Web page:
Submitted to: Annals of the Entomological Society of America
Publication Type: Peer Reviewed Journal
Publication Acceptance Date: 2/25/2004
Publication Date: 9/13/2004
Citation: Brown, J.W., Baixeras, J., Filho, J., Kraus, J.E. 2004. Description and life history of an unusual fern-feeding tortricid moth (Lepidoptera: Tortricidae) from Brazil. Annals of the Entomological Society of America. 97:865-871 Interpretive Summary: The larvae or caterpillars of moths commonly known as leaf-rollers are plant-feeding, causing billions of dollars of damage annually to crops, ornamentals, and forest trees. It is unusual to find species in this group that feed internally in plant tissue, and in this paper we report the discovery of a new species that causes galls in a fern. Internal feeders are more difficult to detect and more difficult to treat because most pesticide applications do not penetrate plant tissue. We describe the morphology and biology of the new species and discuss its relationships to similar species. This information will be useful to scientists interested in the biology of leafrollers, horticulturalists working with ferns, and action agencies (such as APHIS) who are involved in detection and exclusion of non-native species at U.S. ports-of-entry.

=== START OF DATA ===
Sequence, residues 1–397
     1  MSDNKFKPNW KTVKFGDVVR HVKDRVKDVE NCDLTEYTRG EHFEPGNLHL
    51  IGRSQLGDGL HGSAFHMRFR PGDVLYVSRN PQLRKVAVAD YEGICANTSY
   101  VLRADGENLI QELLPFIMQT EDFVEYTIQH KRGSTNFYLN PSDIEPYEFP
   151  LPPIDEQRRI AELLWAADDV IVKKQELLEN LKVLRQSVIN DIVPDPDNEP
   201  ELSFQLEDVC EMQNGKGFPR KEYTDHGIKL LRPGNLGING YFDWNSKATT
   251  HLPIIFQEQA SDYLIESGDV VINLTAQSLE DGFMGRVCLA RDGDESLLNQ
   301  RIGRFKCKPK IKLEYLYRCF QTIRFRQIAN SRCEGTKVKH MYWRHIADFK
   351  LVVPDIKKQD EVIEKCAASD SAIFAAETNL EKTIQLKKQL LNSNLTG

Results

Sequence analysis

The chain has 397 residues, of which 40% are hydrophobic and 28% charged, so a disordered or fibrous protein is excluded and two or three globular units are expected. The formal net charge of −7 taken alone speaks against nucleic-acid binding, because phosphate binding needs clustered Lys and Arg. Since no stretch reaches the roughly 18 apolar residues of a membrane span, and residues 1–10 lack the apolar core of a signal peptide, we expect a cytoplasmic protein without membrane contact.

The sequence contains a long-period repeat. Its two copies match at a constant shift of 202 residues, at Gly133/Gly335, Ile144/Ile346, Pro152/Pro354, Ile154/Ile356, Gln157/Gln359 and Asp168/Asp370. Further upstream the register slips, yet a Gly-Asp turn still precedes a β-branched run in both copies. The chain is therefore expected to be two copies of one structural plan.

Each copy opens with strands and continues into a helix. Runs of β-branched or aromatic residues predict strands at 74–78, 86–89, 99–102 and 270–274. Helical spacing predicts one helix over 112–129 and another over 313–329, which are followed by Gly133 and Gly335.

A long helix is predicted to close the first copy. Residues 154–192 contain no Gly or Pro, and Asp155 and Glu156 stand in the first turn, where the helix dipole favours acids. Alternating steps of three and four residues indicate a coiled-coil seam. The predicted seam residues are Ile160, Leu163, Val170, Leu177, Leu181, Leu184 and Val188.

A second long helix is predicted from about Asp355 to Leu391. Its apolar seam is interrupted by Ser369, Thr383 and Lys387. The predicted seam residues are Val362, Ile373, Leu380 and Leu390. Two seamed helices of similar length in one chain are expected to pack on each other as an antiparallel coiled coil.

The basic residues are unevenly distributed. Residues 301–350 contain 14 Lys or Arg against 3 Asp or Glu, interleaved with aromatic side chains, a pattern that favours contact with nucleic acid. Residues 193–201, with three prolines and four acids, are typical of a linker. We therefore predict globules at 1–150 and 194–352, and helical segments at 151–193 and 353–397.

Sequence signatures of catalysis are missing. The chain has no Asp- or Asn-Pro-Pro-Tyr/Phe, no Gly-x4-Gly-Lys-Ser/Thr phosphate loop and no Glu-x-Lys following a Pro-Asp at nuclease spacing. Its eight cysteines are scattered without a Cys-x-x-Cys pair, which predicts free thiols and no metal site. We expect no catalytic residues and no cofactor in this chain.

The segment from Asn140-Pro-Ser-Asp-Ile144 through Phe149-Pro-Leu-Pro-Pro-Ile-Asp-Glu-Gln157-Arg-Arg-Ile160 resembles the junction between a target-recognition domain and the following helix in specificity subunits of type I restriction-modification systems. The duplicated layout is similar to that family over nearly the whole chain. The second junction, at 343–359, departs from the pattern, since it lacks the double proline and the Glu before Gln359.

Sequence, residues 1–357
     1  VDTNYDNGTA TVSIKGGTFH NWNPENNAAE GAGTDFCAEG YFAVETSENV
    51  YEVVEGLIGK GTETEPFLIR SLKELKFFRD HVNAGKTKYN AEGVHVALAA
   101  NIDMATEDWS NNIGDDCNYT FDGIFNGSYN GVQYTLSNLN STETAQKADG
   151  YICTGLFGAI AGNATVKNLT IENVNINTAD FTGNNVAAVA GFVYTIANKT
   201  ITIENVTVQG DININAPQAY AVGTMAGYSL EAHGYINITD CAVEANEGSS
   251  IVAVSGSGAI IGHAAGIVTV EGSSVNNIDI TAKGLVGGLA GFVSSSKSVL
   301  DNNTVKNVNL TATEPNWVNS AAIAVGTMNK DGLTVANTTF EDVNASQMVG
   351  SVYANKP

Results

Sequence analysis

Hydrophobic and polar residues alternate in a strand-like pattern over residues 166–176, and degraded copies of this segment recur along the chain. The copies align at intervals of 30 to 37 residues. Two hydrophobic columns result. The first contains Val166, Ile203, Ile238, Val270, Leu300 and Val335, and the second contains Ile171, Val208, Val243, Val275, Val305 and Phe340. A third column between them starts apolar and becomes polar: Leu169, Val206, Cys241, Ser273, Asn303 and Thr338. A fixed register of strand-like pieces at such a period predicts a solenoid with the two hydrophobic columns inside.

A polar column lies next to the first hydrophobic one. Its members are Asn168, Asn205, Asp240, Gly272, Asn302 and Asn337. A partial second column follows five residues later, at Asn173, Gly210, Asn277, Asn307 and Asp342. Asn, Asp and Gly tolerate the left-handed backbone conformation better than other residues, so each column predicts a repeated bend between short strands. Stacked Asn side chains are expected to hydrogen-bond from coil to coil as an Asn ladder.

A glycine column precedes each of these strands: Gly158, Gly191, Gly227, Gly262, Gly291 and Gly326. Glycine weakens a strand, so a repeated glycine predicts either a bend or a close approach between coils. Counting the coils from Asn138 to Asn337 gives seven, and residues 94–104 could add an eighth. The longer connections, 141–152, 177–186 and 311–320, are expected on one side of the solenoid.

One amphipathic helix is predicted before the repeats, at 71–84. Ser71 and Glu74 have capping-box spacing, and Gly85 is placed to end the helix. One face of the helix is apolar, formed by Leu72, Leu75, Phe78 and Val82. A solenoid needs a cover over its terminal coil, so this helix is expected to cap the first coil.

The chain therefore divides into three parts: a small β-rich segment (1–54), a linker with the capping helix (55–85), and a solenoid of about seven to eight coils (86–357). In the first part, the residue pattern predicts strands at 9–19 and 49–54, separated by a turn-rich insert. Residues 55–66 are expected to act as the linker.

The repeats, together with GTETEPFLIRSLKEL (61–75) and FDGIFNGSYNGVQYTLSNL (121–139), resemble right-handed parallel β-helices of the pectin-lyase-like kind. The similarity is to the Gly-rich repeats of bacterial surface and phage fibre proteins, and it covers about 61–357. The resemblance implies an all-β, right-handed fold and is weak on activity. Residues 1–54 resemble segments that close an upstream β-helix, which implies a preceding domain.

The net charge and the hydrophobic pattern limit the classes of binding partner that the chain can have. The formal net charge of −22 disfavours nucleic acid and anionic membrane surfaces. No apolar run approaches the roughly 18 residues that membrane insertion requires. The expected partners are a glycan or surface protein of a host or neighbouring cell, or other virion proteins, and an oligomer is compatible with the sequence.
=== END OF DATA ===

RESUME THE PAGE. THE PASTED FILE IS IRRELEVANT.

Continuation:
Technical Abstract: Tortrimosaica pterophytivora Brown and Baixeras, new genus and new species, is described and illustrated from São Paulo, Brazil. We also describe and illustrate the last instar larva and pupa, and provide notes on the life history. Larvae of the new species are gall-inducers in the stems of Microgramma squamulosa (Kaulf.) Sota (Polypodiaceae), an unusual behavior and host for a member of Tortricinae. Although placed provisionally in Hilarographini, tribal and subfamilial assignments of the new genus are problematic owing to a mosaic of morphological characters suggesting placement in a variety of different higher taxa. The larvae have a bisetose L-group on the prothorax, and the pupa has multiple rows of spines near the anterior edge of the dorsum of abdominal segments 3-8; both of these characters have been reported previously only once in Tortricidae, i.e., in Thaumatographa eremnotorna Diakonoff and Arita (Hilarographini). Observations presented herein suggest that these two characters may represent synapomorphies for the tribe. Although the gall-inducing habit of the new species is not unique within Tortricidae, it is highly unusual within non-olethreutine lineages.